Birch trees have a special sacred significance in this part of the world. They are I suppose to northern Europe (and Russia) what bamboo is to south-east Asia. Next door, Finland and Belorus have it as their national tree. For the Siberian tribes of Russia the birch tree is the forest girl: slender, smooth, prone to the occasional weeping; she improves the soil. Poland doesn’t appear to have a national tree but if she did it would probably be the silver birch (Betula pendula).

As a pioneer species, one of the most important functions which birch trees fulfil is that of improving the soil. They are deep-rooted, and their roots draw up nutrients into their branches and leaves, which the trees use for their growth. Some of these nutrients are returned to the surface of the soil each year when the leaves fall in the autumn, thereby becoming available for other organisms in the forest community. An indication of the scale and significance of this nutrient cycling can be drawn from the estimate that birch trees will produce between 3 and 4 tonnes of leaf litter per hectare per year.

All around Warsaw there are great (and small) swathes of birches. In Wierzbno (ironically, the place of the Willow) there is a small unassuming birch entranceway to a block of flats which is made all the more special by its almost perfunctory status. Next door, down at the Russian cemetery, there is a line of birches which runs all the way from Raclawicka Avenue to the southern edge of Pole Mokotowskie, over a kilomtre in length. The latter 370m tail of this, through the allotment garden complex, has been accorded protected status as an ‘aleja zabytkowa’ due to its eco-historico nature.

These trees, whether birch or other, irrespective of their individual age, manage to give Warsaw a sense of deeper time, connecting and rooting the city with a profound and primeval past from which modern Warsaw has emerged. Forests still play a huge part in the city accounting for 14% (7,260 hectares) of the surface area. Most notable of these are Las Bielanski, Rezerwat Morysin and Natolinski, and the Mazowiecki National Park. This 14% doesn’t include the periphery forests of Kampinos or Chojnowski, the respective northern and southern lungs, which are located on the city’s immediate outskirts.

Many foreigners speak of the pretty Polish girls. They are world renowned for their radiant and healthy beauty. But there is another Polish girl who is the silver birch and who is just as elegant, just as beautiful, just as healthy. There is also the added bonus that for 4 months of the year, she is almost completely naked.

A Silver Birch Grove in Powsin's Park Kultury.

(Top: A line of 20 silver birches in the Kashubian town of Swarzewo between Puck and Wladyslowowo)


Aleja Brzozowa (Alley of Birches) in the allotment gardens at the southern end of Pole Mokotowskie.

Despite having lived in this area for almost three years and wandered it through and through, I discovered this sanctuary only a few weeks ago secreted in between the Russian Cemetery Park and Pole Mokotowskie.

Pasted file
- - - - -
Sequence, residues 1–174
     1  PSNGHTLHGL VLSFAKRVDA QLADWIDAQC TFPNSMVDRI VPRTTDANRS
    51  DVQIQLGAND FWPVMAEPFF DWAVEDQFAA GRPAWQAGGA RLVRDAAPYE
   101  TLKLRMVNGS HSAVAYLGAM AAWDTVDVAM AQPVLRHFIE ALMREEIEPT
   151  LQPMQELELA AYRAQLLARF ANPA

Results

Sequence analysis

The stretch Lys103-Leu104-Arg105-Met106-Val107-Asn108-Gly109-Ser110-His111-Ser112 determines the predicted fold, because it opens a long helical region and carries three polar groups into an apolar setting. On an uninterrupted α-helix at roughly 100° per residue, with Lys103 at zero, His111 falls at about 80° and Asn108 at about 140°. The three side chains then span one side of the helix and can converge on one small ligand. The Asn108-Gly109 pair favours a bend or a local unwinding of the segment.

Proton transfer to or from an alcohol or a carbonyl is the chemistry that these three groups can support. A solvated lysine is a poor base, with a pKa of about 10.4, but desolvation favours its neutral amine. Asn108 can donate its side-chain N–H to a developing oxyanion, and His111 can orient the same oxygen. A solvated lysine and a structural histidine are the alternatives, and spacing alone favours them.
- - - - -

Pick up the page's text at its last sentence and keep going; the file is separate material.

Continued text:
The allotments (Ogrodki dzialkowe) of Warsaw have a long and colourful history, and are one of the city’s more redeeming features. Almost 5% (1,700 hectares) of Warsaw's city surface is given over to allotments. The first ‘dzialki’ were set up before the war when the Polish Socialist Party put forwards an initiative to form ‘special workers’ oases of peace’. Where the likes of London gradually lost hers to property developers (inner city London was covered with them following WWII) Warsaw has retained hers most emphatically, governed by an allotment cooperative to protect and conserve them.

The district of Mokotow is particularly blessed with these green areas which teem with all manner of life be it animal, vegetable or mineral. During the Communist era, and as part of a remit to have people ‘grow their own’, most of the ‘dzialki’ were allocated to professional groups such as teachers, railway workers or miners. An allotment ‘parcel’ was a symbol of a certain status. More importantly, it was a gurantee of a regular food supply since buying certain foods at stores was not always possible. In effect, it was a form of collective and responsible living which is still vigorously continued to this day.

Sadly, most allotment gardens are closed to the public. However, there are certain gardens which have public throughways like this one. Personally, I have never found it a problem to gain entry to these places. With a little patience and a well-aimed smile (and some very bad Polish), you can be surprised at what you can gain access to!


Here in Mokotow, I am surrounded by chestnut trees. Just down the road along the long eastern edge of the avenues of Andrzej Boboli and Woloska there are more than a hundred mature horse chestnuts all standing to attention. The sight (and smell) is quite overpowering at any time of year but particularly in April when their candelabra gently explode outwards.

Down the main thoroughfare of Raclawicka, itself a haven for some glorious oaks, there’s even a couple of red chestnuts dotted about. But it’s the horse chestnut at the end of my skwer that garners my special affection. I salute it every morning as I bask under it like a house fly in the summer sun. It is a fine old beast of a tree, a sage if ever there was one, ideally situated next to a lime, with a bench and the trzepak underneath. The shade it casts in summer is marvellously refreshing.

In summer, on sun-filled mornings like today, the light appears to cascade through its splayed hand-like leaves making the leaves themselves appear almost translucent. The dance of light and shade within is quite a painting. Indeed, if anything were to convince me to take up a palette and brush it would be this - sitting under the chestnut tree.

Lazing in Lazienki, under the chestnuts.

'In Praise of Shade - Under the Chestnut and Lime'.